This cleft has been repaired with muscle approximation and with a Z-plasty in the skin envelope. The movement of the lip towards the midline has brought together the nasal skeleton which was symmetrical but was spaced apart. The philtral dimple is now occupied by a scar and it is likely that the dimple cannot be recreated as in a standard cleft lip repair. The lowermost picture on the right side shows a late follow up.
This cleft mainly in the nose, also shows a mis-matched vermilion. The nose has been treated by a flying bird incision and a sequestrated dermoid like tissue at the root of the nose has been excised. The MRI did not show any gap in the cranial bone. After the dermoid was excised, lower and upper alar cartilages were mobilized to facilitate their approximation after a nasal bone osteotomy (infracture). A right angle iliac crest bone graft has been used to increase the height of the nose. The vermilion mismatch has been treated with an elliptical excision of the skin as well as the vermilion to bring together two equal cylinders of the lip for symmetry.
Similar case as in the previous example. This case has received a costal osteocartileginous graft to the nose.
This cleft involving the lip and the lower eyelid on the left side has been treated with multiple Z-plasties without any import of tissue. A medial canthal repair will follow.
This cleft has been treated on the surface by multiple Z-plasties but the middle picture shows a linear streak of local skin being used for a reconstruction of the naso-lacrimal duct from the medial punctum of the left lower eyelid and was invaginated into the area of the turbinate.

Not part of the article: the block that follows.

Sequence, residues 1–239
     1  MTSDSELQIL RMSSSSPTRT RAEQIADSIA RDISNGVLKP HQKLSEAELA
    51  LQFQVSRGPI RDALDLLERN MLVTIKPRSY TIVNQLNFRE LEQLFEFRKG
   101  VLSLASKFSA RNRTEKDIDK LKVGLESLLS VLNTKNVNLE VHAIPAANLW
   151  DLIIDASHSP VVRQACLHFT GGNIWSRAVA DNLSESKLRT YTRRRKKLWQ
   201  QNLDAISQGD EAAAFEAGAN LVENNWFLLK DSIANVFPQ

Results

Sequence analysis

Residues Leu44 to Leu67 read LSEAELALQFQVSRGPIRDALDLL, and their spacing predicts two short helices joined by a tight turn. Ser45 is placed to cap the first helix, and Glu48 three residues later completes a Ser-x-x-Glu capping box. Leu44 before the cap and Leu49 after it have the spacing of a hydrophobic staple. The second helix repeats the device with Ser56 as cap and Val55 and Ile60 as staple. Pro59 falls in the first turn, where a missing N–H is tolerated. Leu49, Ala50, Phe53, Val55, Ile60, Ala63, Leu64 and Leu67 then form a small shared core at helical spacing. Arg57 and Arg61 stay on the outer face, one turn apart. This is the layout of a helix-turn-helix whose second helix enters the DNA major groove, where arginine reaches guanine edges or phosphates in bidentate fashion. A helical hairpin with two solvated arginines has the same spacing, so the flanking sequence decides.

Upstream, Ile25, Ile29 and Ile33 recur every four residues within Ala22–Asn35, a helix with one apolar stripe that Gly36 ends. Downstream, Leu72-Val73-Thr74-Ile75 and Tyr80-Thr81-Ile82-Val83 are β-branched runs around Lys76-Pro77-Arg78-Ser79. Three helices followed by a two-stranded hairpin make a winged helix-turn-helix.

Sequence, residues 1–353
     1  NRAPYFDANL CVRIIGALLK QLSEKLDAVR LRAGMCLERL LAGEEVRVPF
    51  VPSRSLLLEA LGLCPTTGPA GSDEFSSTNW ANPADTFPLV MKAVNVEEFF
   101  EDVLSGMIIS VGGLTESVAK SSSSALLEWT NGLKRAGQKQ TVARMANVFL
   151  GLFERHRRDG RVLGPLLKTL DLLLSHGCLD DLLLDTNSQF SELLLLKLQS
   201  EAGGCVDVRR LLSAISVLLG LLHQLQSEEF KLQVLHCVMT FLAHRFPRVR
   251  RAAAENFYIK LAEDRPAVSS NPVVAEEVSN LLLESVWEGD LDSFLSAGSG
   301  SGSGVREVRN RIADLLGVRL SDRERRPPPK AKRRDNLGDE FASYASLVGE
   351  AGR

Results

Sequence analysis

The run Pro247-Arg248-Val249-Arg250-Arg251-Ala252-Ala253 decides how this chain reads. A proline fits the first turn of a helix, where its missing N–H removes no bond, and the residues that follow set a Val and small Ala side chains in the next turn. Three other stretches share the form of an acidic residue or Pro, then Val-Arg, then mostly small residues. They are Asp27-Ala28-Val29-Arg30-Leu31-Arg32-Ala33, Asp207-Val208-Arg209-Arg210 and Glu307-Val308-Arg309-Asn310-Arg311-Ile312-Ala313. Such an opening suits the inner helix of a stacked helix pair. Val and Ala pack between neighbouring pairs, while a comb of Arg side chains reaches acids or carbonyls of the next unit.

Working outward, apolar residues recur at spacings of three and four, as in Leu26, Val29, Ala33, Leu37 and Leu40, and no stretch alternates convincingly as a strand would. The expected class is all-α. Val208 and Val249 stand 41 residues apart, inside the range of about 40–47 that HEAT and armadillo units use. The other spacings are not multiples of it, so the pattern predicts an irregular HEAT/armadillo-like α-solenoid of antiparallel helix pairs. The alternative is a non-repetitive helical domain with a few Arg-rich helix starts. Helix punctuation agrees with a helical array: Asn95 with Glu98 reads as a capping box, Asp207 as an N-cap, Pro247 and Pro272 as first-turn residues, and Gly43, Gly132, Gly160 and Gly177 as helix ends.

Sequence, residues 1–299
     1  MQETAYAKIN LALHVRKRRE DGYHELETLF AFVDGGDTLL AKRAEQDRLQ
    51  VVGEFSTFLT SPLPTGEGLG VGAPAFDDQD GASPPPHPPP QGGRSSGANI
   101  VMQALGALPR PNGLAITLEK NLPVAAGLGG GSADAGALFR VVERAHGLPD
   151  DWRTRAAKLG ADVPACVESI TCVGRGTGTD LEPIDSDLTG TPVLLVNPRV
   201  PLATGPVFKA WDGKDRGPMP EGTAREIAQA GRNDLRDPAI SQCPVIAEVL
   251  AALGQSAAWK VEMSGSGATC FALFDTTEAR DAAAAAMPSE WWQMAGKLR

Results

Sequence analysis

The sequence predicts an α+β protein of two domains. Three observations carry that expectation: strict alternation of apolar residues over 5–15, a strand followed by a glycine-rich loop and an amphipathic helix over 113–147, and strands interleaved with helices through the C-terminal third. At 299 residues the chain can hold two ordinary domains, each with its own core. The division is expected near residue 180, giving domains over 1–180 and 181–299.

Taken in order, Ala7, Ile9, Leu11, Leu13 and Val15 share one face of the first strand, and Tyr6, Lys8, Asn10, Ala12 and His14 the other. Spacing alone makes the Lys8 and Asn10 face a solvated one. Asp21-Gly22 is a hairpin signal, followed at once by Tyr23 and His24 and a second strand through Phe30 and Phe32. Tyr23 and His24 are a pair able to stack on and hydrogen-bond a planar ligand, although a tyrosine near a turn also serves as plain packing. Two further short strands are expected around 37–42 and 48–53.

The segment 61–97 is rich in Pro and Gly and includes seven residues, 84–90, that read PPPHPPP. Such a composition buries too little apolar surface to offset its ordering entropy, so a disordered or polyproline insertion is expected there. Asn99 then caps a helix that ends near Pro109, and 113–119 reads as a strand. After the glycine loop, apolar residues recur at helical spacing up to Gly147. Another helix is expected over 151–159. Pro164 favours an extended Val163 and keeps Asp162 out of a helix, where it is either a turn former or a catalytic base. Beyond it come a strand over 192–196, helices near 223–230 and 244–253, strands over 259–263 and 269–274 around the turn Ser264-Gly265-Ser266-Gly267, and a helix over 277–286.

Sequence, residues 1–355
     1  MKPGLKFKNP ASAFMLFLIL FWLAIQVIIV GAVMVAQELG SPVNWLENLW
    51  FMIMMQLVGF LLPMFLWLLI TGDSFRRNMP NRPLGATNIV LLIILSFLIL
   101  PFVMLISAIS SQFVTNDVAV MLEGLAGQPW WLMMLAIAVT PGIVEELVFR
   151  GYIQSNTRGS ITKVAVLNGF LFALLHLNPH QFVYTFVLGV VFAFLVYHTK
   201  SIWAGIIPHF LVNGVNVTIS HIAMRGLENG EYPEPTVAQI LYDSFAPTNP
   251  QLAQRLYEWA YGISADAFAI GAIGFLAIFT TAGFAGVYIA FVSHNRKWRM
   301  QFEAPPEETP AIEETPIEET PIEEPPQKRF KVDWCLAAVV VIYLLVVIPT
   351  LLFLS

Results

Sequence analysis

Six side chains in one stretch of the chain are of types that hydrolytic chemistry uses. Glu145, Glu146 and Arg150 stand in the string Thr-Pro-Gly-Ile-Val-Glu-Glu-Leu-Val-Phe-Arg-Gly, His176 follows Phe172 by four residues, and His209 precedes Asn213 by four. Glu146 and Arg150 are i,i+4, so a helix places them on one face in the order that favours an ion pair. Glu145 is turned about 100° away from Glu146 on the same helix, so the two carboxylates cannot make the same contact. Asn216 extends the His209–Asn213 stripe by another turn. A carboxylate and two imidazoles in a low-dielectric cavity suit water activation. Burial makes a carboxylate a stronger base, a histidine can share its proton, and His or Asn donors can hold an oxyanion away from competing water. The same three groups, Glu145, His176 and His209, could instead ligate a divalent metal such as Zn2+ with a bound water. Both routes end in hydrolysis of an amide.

This right lateral cleft arising from the oral commissure has been treated with approximation of the divided orbicularis oris creation of the oral sphincter and then a Z-plasty on the skin. Late post-operative results show a pleasing result and normal oral opening.
A similar lateral cleft as in the previous example but in its more restrictive and severe form has been treated with multiple Z-plasties both on the skin as well as the mucosa in view of its intra-oral extent.
In this cleft there is an abnormality in the eyebrow which has been corrected by a Z-plasty.
In this bilateral cleft the lip has been radically mobilized on the left side, less so on the right side and Z-plasties have been employed from available adjacent skin to fill in the gaps. Please note that some ectropion of the lower eyelid on the left side persists and will probably need some kind of skin substitution as the child grows older. As is known because the ectropion is in the lower eyelid no adverse effects are seen in the eyeball.
This craniofacial anomaly usually called bilateral hemifacial microsomia (which has been described in an earlier chapter) is a “non-cleft” craniofacial anomaly arising from the same embryological etiology of non-development of parts or processes which join together to form the face. The patient also has deformities of the ears which is a part of this syndrome. The mandible is severely retruded leading to poor occlusion and a very short face in the anterio-posterior dimension in the lower half. The pictures reproduced here show mandibular osteotomy (done on both sides) before distraction is begun which continues for several months. The illustration also includes x-rays to show the gap in the mandible which automatically got filled with new bone. The later pictures show the mandibular distraction having been completed the mandible now matches the maxilla with good occlusion. Reconstruction of the ear will follow.